There’s always a lovely sense of synergy in the group shows at Indigo Art, Elisabeth Samuels’ small, two-tiered gallery on the eastern end of Allen Street.
It has something to do with the way Samuels installs the work, always giving it space to breathe, never crowding the walls. It’s also about the way the pieces hanging on the wall or sitting on pedestals – different in form and style though they may be – rarely seem to clash with one another. The small space also does not make unreasonable demands on the viewer: The return on your investment of 15 or 20 minutes is substantial.
That harmony is certainly present in “Bounty,” an exhibition featuring 13 regional artists whose work Samuels has characterized as vaguely “poetic.” What exactly that means is open to interpretation, but there is certainly a sense of innate elegance and grace that seems to unite all the paintings, sculptures and mixed-media works the show contains.
Likely to catch your eye first are Jozef Bajus’ two paper “poems,” white sheets of paper with evenly spaced vertical slits. Together, these lovely pieces look like what might happen if your paper shredder suddenly took on a mind of its own and decided to pursue an artistic career.
Elsewhere, Hillary Fayle presents a series of small leaves into which she has sliced intricate patterns with an X-Acto knife or woven with thread, projecting her own kind of artificial complexity onto the already inordinately complex natural world.
Dorothy Fitzgerald’s three small-scale paintings in the show are much more focused and easy on the eyes than her larger-scale work, which can sometimes be off-putting and difficult to decode. Here, Fitzgerald has taken a simpler approach, and while the effects are perhaps not as loud or jarring as her more ambitious paintings, they provide plenty of food for thought.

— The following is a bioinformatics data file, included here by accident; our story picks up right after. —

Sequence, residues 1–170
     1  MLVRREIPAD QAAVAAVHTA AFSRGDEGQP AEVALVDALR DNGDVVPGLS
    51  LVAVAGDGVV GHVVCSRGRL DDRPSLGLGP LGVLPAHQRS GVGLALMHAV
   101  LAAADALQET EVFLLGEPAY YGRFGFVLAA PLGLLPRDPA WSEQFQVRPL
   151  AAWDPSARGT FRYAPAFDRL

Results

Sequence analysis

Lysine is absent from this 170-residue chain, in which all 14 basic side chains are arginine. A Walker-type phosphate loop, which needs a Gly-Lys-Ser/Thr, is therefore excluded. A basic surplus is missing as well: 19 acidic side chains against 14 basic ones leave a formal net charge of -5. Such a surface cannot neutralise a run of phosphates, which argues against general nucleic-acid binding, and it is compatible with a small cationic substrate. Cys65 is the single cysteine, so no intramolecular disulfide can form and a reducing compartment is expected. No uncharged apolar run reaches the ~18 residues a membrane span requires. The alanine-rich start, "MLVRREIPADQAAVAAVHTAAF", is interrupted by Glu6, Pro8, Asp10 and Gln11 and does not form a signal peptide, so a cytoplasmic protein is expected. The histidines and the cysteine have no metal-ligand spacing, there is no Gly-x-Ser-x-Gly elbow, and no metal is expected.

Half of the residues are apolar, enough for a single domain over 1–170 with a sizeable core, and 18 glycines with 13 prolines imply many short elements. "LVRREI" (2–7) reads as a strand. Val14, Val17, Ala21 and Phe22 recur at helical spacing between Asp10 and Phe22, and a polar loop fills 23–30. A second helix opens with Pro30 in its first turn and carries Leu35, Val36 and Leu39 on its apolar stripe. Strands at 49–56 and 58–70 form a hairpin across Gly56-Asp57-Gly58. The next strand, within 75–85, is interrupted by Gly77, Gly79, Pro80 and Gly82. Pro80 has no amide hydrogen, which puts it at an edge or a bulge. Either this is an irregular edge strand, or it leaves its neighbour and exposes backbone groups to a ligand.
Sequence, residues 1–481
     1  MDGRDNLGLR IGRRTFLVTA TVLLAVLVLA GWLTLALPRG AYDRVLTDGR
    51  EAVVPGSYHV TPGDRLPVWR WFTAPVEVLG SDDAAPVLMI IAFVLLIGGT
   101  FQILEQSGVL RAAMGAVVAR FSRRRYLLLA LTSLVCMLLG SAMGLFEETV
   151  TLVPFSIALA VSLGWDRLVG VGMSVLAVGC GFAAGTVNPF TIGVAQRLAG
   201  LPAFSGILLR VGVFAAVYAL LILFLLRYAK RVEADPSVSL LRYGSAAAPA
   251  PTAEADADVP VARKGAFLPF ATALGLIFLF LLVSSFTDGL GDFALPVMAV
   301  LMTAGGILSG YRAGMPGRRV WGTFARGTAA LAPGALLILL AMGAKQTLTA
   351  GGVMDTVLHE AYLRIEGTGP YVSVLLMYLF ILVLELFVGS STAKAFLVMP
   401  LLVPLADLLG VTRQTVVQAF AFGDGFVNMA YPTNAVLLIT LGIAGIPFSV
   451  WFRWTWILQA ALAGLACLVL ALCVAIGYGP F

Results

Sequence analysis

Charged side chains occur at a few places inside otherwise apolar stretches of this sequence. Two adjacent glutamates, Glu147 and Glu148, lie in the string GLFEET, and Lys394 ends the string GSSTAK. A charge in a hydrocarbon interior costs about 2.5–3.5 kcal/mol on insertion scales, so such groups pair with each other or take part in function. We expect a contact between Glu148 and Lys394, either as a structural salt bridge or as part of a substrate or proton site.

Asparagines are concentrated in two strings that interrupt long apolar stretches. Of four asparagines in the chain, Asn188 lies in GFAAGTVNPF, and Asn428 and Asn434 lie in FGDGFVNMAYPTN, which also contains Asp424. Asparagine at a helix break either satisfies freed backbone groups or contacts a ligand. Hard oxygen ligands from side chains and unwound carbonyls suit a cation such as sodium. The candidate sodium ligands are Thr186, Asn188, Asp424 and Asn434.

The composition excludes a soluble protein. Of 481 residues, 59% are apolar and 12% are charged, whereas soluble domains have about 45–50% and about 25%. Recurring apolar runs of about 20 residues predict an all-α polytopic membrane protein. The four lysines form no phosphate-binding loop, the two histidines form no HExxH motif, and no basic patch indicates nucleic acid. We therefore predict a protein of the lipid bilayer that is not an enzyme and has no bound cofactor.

But the star of this show may be Dennis Nahabetian, the Western New York sculptor and jewelry artist whose strange vessels made out of wire mesh prompt viewers to wonder what they might be for. Nahabetian’s pieces, a kind of jellyfish-shaped seacraft supported by long tentacles and a strange, vaguely Egyptian vessel for some unknown purpose, seem to be just on the verge of having a practical use. They are, in that way, a little bit like Robert Gober’s sculptures (see the Albright-Knox Art Gallery’s “Inverted Sink”) which confound us by referencing shapes we recognize and morphing them into unfamiliar – and maybe even unsettling – configurations.
Jody Hanson gives us a pair of strange and strangely alluring pieces – framed sheets with little bits of a pink, crystalline substance dripped onto them – from her most recent series. And there is fine work as well from printmaker Hyeyoung Shin, sculptor Bethany Krull and assemblage artist Ellen Markel.
In all, the work in “Bounty” lives up to Samuels’ descriptor, from grace and elegance of Bajus’ paper work to the unexpectedly quiet work of Fitzgerald and the otherworldly objects of Nahabetian. If it’s visual poetry you’re searching for, you’ll find plenty of it here.